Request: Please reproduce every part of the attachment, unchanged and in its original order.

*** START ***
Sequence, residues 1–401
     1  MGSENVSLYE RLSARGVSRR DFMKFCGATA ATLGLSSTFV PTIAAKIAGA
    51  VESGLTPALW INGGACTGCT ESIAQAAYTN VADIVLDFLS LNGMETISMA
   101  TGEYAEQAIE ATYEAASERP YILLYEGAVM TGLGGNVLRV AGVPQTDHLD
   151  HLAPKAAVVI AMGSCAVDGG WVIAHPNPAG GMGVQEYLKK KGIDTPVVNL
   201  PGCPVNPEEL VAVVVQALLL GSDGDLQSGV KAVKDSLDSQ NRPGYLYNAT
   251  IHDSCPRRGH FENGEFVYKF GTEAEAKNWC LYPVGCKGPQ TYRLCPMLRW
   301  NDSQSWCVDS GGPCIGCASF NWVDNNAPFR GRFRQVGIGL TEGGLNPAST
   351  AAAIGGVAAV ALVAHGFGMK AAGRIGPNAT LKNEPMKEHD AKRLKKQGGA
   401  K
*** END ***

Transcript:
Sequence, residues 1–401
     1  MGSENVSLYE RLSARGVSRR DFMKFCGATA ATLGLSSTFV PTIAAKIAGA
    51  VESGLTPALW INGGACTGCT ESIAQAAYTN VADIVLDFLS LNGMETISMA
   101  TGEYAEQAIE ATYEAASERP YILLYEGAVM TGLGGNVLRV AGVPQTDHLD
   151  HLAPKAAVVI AMGSCAVDGG WVIAHPNPAG GMGVQEYLKK KGIDTPVVNL
   201  PGCPVNPEEL VAVVVQALLL GSDGDLQSGV KAVKDSLDSQ NRPGYLYNAT
   251  IHDSCPRRGH FENGEFVYKF GTEAEAKNWC LYPVGCKGPQ TYRLCPMLRW
   301  NDSQSWCVDS GGPCIGCASF NWVDNNAPFR GRFRQVGIGL TEGGLNPAST
   351  AAAIGGVAAV ALVAHGFGMK AAGRIGPNAT LKNEPMKEHD AKRLKKQGGA
   401  K